Yale removes, then quickly reinstates ‘Israeli’ couscous salad in dining hall after Jewish student pushback

Photos of the signage at a Yale University dining hall circulated on social media this week after the word “Israeli” was removed from a popular salad dish, prompting a swift response from the school. 

Yale sophomore and editor in chief of The Yale Free Press Sahar Tartak first reported the change in a post Monday on X, formerly known as Twitter, saying, “At Yale, the years-old, popular ‘Israeli couscous salad with spinach and tomatoes,’ has been renamed in our dining halls as the same exact dish but without the word ‘Israeli.'” 

After another student shared a photo the following day showing a dining hall label for the salad offering that included the word “Israeli,” Tartak included her own photos and said, “Here’s the before/after, so that no one is misled. The change was made, then undone upon outreach from Jewish students. Dining administrators emailed me this: ‘Considering it is the main ingredient, it is appropriate to remain in the title, and we will correct this oversight.'”

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A closer look at the X images shows the dining card labels have dates in the bottom lefthand corner. The first image from Tartark is labeled “Israeli Couscous Salad” with a date of “Lunch, 11/1/23” while her second with “Israeli” missing is dated “Lunch, 12/11/23.” 

The other student’s photo with “Israeli” back on the food label is dated “Dinner, 12/11/23.” 

Yale Hospitality sent their response to the student’s concern, which appeared to match what Tartak reported, to Fox News Digital, aiming to provide context on the process of reviewing and planning new menus, which they said began in July.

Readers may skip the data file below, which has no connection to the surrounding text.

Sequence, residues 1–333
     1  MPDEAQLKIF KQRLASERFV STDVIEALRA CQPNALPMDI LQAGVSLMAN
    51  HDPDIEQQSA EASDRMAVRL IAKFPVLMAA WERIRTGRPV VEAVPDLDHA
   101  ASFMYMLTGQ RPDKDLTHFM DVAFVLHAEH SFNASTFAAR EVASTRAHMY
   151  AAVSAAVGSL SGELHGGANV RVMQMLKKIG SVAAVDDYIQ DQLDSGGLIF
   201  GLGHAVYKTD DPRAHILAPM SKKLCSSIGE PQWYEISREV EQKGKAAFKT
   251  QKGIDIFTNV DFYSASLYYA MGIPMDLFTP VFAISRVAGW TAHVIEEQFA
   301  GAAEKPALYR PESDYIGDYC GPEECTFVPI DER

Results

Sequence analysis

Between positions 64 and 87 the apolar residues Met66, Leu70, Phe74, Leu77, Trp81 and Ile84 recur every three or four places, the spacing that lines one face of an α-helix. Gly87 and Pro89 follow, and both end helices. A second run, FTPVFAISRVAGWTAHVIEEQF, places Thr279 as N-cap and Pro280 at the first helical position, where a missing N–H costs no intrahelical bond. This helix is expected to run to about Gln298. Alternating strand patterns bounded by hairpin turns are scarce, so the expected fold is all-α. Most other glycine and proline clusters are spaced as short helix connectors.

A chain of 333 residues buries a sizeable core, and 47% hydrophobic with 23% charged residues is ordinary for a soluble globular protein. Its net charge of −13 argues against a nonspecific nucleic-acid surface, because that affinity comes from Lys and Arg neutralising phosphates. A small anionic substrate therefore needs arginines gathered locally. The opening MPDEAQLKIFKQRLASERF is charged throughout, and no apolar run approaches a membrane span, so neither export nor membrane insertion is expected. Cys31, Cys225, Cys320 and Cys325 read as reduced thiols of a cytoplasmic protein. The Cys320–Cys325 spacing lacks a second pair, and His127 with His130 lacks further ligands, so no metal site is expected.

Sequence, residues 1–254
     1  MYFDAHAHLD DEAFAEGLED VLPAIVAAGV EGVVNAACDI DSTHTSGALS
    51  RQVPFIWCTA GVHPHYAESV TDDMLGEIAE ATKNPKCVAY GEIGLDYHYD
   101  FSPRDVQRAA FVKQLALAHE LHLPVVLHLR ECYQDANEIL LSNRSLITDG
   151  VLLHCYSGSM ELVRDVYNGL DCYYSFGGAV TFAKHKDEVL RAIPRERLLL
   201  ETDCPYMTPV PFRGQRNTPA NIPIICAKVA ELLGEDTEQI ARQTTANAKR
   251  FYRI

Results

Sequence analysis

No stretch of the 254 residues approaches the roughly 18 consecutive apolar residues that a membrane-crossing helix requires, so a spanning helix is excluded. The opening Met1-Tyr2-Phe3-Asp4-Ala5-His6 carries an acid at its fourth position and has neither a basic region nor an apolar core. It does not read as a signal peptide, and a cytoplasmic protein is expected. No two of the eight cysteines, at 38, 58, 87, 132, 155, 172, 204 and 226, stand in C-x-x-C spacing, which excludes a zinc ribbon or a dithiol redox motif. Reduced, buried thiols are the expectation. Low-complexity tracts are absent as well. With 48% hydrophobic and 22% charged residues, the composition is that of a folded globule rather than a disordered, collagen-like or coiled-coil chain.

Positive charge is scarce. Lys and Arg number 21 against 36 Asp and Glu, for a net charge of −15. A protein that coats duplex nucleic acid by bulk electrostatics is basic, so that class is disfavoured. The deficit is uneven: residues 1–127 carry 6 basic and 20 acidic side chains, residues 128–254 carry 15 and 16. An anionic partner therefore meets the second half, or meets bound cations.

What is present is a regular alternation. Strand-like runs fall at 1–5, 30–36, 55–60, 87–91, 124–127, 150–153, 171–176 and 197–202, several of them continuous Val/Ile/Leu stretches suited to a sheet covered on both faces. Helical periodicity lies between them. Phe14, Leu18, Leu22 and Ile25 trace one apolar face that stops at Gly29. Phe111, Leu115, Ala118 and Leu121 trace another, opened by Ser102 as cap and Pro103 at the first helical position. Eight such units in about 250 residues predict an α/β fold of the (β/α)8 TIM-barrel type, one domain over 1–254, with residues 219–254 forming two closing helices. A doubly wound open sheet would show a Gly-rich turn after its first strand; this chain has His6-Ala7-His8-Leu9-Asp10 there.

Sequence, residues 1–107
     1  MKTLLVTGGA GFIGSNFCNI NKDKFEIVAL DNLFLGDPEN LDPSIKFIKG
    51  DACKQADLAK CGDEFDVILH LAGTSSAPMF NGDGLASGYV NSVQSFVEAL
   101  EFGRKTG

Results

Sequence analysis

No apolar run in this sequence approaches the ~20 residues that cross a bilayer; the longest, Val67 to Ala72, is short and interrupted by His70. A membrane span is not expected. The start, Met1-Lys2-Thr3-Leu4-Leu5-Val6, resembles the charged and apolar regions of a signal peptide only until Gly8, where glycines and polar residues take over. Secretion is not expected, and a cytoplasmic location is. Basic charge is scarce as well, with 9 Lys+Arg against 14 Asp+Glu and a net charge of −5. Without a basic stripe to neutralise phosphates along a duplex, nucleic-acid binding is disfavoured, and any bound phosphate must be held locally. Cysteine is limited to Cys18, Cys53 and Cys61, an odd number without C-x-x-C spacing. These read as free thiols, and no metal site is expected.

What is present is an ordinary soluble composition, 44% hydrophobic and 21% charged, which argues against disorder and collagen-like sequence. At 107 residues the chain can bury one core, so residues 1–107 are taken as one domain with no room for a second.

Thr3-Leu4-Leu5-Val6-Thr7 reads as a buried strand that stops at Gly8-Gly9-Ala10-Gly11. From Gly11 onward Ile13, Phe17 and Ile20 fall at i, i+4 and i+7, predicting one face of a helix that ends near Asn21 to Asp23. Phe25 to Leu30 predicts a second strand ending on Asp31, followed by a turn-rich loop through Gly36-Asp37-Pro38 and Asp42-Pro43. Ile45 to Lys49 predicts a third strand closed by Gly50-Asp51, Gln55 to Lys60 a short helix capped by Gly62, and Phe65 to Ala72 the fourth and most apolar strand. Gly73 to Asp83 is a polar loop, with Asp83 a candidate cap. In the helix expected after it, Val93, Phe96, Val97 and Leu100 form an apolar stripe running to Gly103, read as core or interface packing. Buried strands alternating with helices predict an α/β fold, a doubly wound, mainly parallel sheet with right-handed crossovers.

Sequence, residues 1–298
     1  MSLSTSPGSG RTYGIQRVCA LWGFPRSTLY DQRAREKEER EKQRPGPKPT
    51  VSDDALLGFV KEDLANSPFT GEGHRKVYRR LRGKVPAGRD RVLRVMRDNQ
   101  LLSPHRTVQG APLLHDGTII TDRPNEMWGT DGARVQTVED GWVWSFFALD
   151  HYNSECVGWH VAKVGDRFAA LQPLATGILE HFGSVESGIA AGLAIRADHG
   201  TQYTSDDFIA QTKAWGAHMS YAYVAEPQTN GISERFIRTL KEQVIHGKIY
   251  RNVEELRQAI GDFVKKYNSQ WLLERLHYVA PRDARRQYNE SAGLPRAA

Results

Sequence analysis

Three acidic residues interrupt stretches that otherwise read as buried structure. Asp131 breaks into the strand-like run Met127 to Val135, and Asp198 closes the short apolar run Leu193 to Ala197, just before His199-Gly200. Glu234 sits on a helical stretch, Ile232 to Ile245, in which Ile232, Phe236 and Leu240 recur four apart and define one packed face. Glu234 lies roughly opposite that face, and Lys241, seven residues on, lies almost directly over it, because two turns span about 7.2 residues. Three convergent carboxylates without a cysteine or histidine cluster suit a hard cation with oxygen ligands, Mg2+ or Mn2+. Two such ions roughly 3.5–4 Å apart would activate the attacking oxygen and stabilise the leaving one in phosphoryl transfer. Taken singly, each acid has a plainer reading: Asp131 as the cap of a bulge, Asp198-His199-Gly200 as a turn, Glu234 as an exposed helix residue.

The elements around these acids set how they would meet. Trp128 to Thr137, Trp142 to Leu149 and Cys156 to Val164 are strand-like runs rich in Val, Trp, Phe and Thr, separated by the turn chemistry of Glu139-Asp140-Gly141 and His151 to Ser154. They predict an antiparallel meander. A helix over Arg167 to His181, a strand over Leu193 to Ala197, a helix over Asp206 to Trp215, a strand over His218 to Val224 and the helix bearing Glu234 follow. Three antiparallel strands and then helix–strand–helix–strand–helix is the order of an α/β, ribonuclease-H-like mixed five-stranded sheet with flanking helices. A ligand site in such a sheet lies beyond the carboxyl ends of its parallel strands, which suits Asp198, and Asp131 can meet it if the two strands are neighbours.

“Authenticity of the food and naming of the recipes have been a concern brought to us by students in the past,” the message said. “There were times that they felt our food did not ‘authentically’ represent the country or ethnicity referenced in the name. To that end, our team made the decision to remove names of countries and ethnicities from recipes.” 

“However, you have raised a point that merits further consideration,” the message to the student continued. “In this case, Israeli Couscous is indeed an actual ingredient and is explicitly listed on the ingredient list. Considering it is the main ingredient, it is appropriate to remain in the title, and we will correct this oversight.”

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Israeli couscous differs in size, texture and production method when compared to regular couscous. 

The message said that Yale Hospitality was committed to “the principles of diversity, inclusion, equity, and belonging.”

Yale told Fox News, “The menu item changed sometime this semester as part of an ongoing process that began in July. It has since been changed back as indicated above.”

In October, Tartak wrote a pro-Israel column in the Yale Daily News that was hit with an editor’s note two weeks after publication, reading, “This column has been edited to remove unsubstantiated claims that Hamas raped women and beheaded men.” 

After protest, the editor’s note was retracted with the acknowledgment that the rapes and beheadings had been previously verified.

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